The Librarians Who Moonlight as Artists: A Roundtable Discussion
Occasionally, Google gets it right when it suggests articles for me, and all of its creepy data mining was very successful when it recommended this to me. Librarians who are committed to doing good work but also make art? Hello, my people.
Today I finished reading The Fair Garden and the Swarm of Beasts, a foundational text on young adult librarianship written by Margaret A. Edwards, the fairy godmother of YA (more on that in another post), and she suggests that in addition to doing their regular work and making plenty of time to read, librarians must have another interest: gardening, amateur theatrics, something. And here these librarians are doing that very thing
It’s interesting to me that none of them are performers, and that none of them serve children. I suspect many youth services librarians are musicians, dancers, actors, or comedians. (I’m all of these!) I would love to talk to youth services librarians about their art and its relationship to their work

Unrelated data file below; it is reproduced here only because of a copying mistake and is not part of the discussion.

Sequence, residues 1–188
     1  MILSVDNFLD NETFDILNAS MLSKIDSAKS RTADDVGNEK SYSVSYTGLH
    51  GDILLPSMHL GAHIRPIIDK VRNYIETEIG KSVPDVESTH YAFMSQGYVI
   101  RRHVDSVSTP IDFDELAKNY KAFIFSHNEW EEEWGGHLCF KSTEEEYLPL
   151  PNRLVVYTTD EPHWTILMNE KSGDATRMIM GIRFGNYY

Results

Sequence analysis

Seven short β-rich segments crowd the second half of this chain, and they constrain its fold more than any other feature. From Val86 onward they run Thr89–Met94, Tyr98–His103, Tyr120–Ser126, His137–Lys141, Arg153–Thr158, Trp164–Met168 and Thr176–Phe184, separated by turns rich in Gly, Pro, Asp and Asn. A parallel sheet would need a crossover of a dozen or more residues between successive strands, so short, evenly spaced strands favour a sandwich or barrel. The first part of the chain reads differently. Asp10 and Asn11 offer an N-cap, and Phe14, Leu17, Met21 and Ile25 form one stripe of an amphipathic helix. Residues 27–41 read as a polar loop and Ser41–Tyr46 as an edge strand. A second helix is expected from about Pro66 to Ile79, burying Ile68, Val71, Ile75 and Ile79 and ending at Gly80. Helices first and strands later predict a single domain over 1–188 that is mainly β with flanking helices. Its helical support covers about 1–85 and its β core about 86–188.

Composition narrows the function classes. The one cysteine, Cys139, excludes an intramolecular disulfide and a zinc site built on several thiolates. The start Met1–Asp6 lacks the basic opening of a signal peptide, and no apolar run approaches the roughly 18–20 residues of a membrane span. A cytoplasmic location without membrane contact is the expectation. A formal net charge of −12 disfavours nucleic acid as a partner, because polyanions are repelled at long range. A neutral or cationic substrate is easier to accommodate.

Can you recommend anybody?
This is the website of Kimberly Hirsh. The subtitle of this site comes from the description of woodland goth on the Aesthetics wiki.
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We must acknowledge that much of what we know of this country today, including its culture, economic growth, and development throughout history and across time, has been made possible by the labor of enslaved Africans and their ascendants who suffered the horror of the transatlantic trafficking of their people, chattel slavery, and Jim Crow. We are indebted to their labor and their sacrifice, and we must acknowledge the tremors of that violence throughout the generations and the resulting impact that can still be felt and witnessed today. I thank Dr. Terah ‘TJ’ Stewart for the text of this labor acknowledgement.